. the new plane of of the new point c. then we take. and the other must be exterior to the sphere . (14. . or of conjugation. the vertex of a new enveloping cone. Assuming (comp. as p'.jO + yp'. because. almost entirely. with = Ta. namely. contact.-st^Y'-^''^ a a a Y ap j i = S. each of the two connected equations. p' be thus two conjugate points. The equation (10. or and attending to the equation of conj ugation (13. it will easily be seen that the investigations in recent sub-articles are put forward.) In general. or the polar plane dd' .y+i/2N^. by 210. as exercises in the Language and Calculus of Quaternions. but which it appeared useful for our purpose to prove by quaternions* anew. one (16. and not as offering any geometrical novelty of result.). 52). may easily be thus trans- formed : = si=(sP. \ a a j a a which gives. conjugate to each other.. or on the surface of the sphere. [bOOK II. (a + y)2 = N[a. when and p are interchanged. and let it be proposed to find the in which the right line pp' intersects the sphere. will pass through the former a geometrical relation of reciprocity.). s'.) ELEMENTS OF QUATERNIONS.x. P P P' 9 which may also be thus written. be given by its vector p'. between the two points c and e. whether that point be external or internal.+ 2a. of the former external point e. by 200. of the polar piano of e. of the two unity. (15.) Let P.^+y^'V^^N. which is indeed well-known. TcT = Ta.) If one of the two points. differ * In fact. we have. of which the vectors satisfy it : presses that those two points are. while the other point p and vector p are variable. iJst'L. ?£!!'. p' must be interior. And norms here occurring. what is still called the polar plane of the given point. or the two values o^y. any point c external to the sphere.222 (12. s. x-\-y = l. if the points of intersection s. and situated on the polar plane ff' . a a may be said to be a form of the Equation of Conjugation between any two points p and because it exp' (not those so marked in Fig. .Ni £ P J P \ it a. . Tp a well-known sense. XX. the equation then represents a plane locus. in respect to the given sphere. the following quadratic equation iny. VII.x.s V" P 6 or Si-N^ P 0: P If continues therefore to hold good. it is evident that. vertex e : (13. s' are to be real.) Hence of the two points p. one must be greater and the other less than because the two roots of the quadratic. 25) points that OS = = (T a.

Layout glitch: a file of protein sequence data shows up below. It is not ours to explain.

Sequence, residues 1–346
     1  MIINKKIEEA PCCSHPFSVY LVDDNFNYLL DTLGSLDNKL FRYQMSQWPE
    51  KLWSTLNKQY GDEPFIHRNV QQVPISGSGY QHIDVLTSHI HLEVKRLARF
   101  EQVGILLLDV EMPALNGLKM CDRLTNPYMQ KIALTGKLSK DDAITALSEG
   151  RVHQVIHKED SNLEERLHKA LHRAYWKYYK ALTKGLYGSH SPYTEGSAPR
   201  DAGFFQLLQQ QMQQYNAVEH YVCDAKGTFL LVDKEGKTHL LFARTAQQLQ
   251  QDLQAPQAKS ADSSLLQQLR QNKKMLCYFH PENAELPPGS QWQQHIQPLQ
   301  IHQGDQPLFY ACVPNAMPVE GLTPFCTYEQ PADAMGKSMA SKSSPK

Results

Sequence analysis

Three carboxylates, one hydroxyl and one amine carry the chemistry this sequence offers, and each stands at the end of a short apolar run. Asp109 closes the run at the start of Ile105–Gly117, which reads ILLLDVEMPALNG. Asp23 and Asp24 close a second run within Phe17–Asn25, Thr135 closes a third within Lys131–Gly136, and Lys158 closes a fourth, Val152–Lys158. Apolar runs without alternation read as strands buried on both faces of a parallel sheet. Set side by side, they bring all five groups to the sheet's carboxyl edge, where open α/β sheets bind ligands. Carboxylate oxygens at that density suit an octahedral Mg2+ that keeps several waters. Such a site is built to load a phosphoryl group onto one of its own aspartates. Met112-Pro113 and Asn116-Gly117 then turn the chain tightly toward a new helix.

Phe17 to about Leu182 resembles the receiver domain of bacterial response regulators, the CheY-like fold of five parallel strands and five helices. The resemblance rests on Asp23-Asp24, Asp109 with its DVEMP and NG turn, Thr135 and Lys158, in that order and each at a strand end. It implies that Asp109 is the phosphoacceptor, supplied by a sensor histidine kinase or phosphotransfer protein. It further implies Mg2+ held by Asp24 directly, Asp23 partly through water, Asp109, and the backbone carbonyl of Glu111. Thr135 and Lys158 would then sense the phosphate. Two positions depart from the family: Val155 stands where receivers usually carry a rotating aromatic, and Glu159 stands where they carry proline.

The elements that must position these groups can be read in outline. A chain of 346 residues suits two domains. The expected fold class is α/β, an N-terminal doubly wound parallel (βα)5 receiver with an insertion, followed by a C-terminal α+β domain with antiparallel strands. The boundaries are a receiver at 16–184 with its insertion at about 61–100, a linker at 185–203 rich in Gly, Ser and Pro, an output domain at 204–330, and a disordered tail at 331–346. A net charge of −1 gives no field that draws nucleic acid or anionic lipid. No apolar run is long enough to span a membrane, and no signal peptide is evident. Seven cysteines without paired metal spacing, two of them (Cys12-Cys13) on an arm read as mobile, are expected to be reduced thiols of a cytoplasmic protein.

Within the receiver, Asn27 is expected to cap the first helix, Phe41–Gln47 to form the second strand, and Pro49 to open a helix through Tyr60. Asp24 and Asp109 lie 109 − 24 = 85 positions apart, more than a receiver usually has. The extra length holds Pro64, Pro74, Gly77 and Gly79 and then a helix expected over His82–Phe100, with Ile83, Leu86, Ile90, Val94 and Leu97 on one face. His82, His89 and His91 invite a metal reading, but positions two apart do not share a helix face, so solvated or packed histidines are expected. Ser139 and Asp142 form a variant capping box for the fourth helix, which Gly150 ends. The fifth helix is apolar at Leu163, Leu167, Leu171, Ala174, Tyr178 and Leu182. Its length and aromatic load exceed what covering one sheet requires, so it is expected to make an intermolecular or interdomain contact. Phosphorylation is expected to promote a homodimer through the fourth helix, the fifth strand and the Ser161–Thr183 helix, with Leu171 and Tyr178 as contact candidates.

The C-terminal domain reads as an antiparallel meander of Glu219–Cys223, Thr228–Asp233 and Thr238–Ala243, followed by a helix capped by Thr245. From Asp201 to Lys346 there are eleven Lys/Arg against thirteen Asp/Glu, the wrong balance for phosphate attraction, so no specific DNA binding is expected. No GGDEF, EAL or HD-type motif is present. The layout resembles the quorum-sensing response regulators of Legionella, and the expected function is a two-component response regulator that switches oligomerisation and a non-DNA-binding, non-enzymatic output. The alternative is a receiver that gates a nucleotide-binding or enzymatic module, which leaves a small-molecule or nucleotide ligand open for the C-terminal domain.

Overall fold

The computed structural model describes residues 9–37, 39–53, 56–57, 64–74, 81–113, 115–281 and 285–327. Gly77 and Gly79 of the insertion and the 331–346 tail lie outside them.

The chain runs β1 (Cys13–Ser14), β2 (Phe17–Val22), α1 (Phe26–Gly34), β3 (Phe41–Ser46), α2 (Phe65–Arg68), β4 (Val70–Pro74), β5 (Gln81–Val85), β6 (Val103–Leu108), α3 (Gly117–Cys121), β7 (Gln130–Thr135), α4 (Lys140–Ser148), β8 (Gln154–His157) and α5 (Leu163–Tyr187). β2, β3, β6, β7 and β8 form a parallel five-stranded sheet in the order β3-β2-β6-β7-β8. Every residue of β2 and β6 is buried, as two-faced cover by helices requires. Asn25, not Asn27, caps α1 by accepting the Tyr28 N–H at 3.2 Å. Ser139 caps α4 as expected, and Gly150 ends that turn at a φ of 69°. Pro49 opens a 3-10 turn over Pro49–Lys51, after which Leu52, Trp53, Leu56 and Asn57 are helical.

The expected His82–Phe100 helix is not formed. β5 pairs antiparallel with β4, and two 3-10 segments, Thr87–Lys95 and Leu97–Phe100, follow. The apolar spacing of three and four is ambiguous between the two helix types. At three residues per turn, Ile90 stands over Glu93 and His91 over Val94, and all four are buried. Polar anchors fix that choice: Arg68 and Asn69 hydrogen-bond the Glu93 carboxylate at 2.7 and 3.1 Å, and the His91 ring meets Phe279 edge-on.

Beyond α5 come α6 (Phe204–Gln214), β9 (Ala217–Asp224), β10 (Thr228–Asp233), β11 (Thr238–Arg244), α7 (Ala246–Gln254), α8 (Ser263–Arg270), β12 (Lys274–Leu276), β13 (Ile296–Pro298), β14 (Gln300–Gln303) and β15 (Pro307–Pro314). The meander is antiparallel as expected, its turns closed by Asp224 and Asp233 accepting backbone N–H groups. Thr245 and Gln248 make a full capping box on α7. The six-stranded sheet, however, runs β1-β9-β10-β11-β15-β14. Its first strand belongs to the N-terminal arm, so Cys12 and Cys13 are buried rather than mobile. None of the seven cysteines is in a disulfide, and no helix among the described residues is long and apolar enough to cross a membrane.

(Fsp's') = -1. the polar plane of the supposed 216. we must say that those tangents are ideal. of which some forms of the Quaternion Equation were latelyassigned (in 204.. = I. given. at least (1. the system I. : to the sphere but if so.) ). 4-a.) and therefore comparatively few references J upon the present subject. for the year 1846. 204. denoted by the second equation of that system. and others formerly referred t See the Proceedings of the Royal Irish Academy.). 31.(13.. is a surface of the second order ^ * Compare again the second Note to page 90. (17. to page 218. first. RESUMED. that the locus of the variable ellipse.2-l. 223 divided sigyis. and important Surface or raIn what follows. or at least interest- ing. (14. as of by mo- dern geometry. it will : be supposed that any such reader has made himself already sufficiently familiar with the chief formulae of the preceding Articles . which the real but wholly external plane ) by quaternions. X Compare the Note .] EQUATION OF ELLIPSOID. /3 being supposed to be real. represents (not an ellipse but) a pair of right lines. we have the haronly by their : monic formula.CHAP. is cut by a plane parallel to its axis. (v^y=a.) represented by the equation. and to be inclined to each other at some acute or obtuse (but not right§) angle. Some readers may find it useful. for that celebrated ther to several such constructions. recognised as being (comp. real or ideal.) as being From a drawn of real but internal point p. previously unknown. (as or that in a notation already several times employed (25. as terminating on an imaginary circle is. we can still speak of a cone of tangents. &c. I.) internal point. or ijnaginary .S^ which locus is a:. points be). in which the cylinder of revolution. and represented by the first equation. (14. to see here a few examples of the application of the General Distributive Principle (2 1 2) of multiplication to the Ellipsoid. will be To prove. it follows (by 2G) that the right line pp' is harmonically it is well known to s' at which it meets the sphere at the indeed two s. § If /3 to. especially as those forms have been found to conduct! to a Geometrical Construction.* and must consider them contact . the two constant vectors a.